Economics, business & marketing
The Wheeler Centre
Double Booked Club: Melanie Cheng and Omar Sakr
Khalid Warsame, Melanie Cheng and Omar Sakr at the Wheeler Centre
Omar Sakr and Melanie Cheng are two very different voices with very different styles, but over the past few years both have blasted welcome fresh air into the Australian literary scene.
Melanie Cheng is a GP as well as a writer and her debut short-story collection, Australia Day, won the 2018 Victorian Premier’s Literary Award for Fiction. Her new book, Room for a Stranger, is a novel set in Melbourne, about the unlikely friendship between an older woman and a young student from Hong Kong.
Omar Sakr's second book of poetry, The Lost Arabs, has been described as a 'seething, urgent collection' about sexuality, divinity and redemption. His debut collection, These Wild Houses, was critically acclaimed and shortlisted for several awards including the Kenneth Slessor Prize.
Hosted by Khalid Warsame, the pair discuss their work at a lunchtime session.
Invasion of the Pod People
Jon Ronson: The Butterfly Effect
Jon Ronson is a documentary maker, journalist and comic storyteller beloved by many. His books have explored psychopathy, psychological warfare, internet shame culture and more. As a reporter, he meets his subjects with empathy and softly spoken humour – often revealing the deep, surprising motivations and desires at the heart of apparently absurd situations.
In his seven-part 2017 podcast, The Butterfly…
Working with Words: Bianca Nogrady
We spoke with science journalist, author and broadcaster Bianca Nogrady about writing screenplays in high school, getting first drafts done and what it might be like to get drunk with Terry Pratchett.
Yanis Varoufakis: Debt, Disobedience and Democracy Today
How do we define democracy in the 21st Century? How do we define liberty and progress? And is there an alternative economic model that can bring more people more freedom? These are big questions – and we'll put them to the indomitable Yanis Varoufakis when he returns to Melbourne in March.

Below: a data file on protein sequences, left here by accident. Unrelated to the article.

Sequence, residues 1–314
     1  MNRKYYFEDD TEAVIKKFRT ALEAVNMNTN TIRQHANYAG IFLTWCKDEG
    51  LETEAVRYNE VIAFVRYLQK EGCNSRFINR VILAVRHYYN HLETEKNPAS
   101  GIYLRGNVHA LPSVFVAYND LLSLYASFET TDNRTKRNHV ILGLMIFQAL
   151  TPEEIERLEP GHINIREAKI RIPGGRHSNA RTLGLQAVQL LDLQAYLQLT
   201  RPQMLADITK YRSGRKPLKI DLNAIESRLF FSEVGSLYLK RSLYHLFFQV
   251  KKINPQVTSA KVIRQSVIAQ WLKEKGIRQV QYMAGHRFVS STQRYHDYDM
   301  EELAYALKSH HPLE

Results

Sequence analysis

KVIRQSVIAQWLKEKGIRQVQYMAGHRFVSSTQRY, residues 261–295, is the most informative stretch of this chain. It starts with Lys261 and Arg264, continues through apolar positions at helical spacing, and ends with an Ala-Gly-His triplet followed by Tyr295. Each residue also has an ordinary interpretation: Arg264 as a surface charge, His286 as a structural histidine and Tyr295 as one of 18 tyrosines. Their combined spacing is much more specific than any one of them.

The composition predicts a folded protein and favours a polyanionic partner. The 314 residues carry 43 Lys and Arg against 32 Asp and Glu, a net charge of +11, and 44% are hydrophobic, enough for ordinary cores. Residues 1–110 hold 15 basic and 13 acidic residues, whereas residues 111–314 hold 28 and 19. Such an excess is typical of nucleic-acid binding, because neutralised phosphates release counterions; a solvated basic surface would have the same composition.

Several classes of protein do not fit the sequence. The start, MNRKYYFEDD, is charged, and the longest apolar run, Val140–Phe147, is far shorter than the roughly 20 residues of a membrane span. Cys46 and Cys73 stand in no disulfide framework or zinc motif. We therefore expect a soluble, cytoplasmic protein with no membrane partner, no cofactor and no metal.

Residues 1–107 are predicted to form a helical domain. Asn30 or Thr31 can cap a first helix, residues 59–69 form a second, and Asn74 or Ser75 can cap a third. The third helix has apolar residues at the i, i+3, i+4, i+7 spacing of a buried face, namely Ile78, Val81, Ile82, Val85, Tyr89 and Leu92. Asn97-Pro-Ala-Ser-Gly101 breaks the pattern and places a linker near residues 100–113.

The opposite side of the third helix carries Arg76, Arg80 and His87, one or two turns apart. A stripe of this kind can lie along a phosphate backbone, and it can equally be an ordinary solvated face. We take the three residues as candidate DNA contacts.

An economist, author and self-described 'libertarian Marxist', Varoufakis rose…
Books and Ideas at Montalto
How do we maintain friendships as we age? How do these friendships impact who we are – or who we become? And … exactly how should we grow old? Charlotte Wood asks these questions of aging and friendship in her highly-anticipated new novel, The Weekend – about three women in their 70s who gather to clean out the house of their friend Sylvie after her death.
The lives and stories of women are at the core of Wood’s writing. The author of six novels and one book of non-fiction, Wood won the 2016 Stella Prize for her extraordinary novel The Natural Way of Things. She has been longlisted and shortlisted for the Miles Franklin Award, and was recently awarded a Member of the Order of Australia for her services to literature.
At Montalto with host Elizabeth McCarthy, Wood discusses mortality, female friendship and the dilemmas that face women as they age.
Books and Ideas at Montalto
Simon Schama is a familiar figure on the BBC as well as a professor at Columbia University, and he’s produced multi-volume histories of Britain, documentaries with momentous names like The American Future and a TV series called Simon Schama’s Power of Art. He's a heavyweight scholar, best known for in-depth works on French history, Jewish history, art history and Dutch history. But he’s also a writer of great versatility who has concerned himself – through his columns for the New Yorker and the Financial Times – with a dizzying array of topics, from poetry and baseball to Tom Waits and ice-cream.
At Montalto, in conversation with David Hansen, he draws from his new BBC series, Civilisations – which explores the origins of human creativity, and its universal importance – and from … well, millenia of artworks and ideas.
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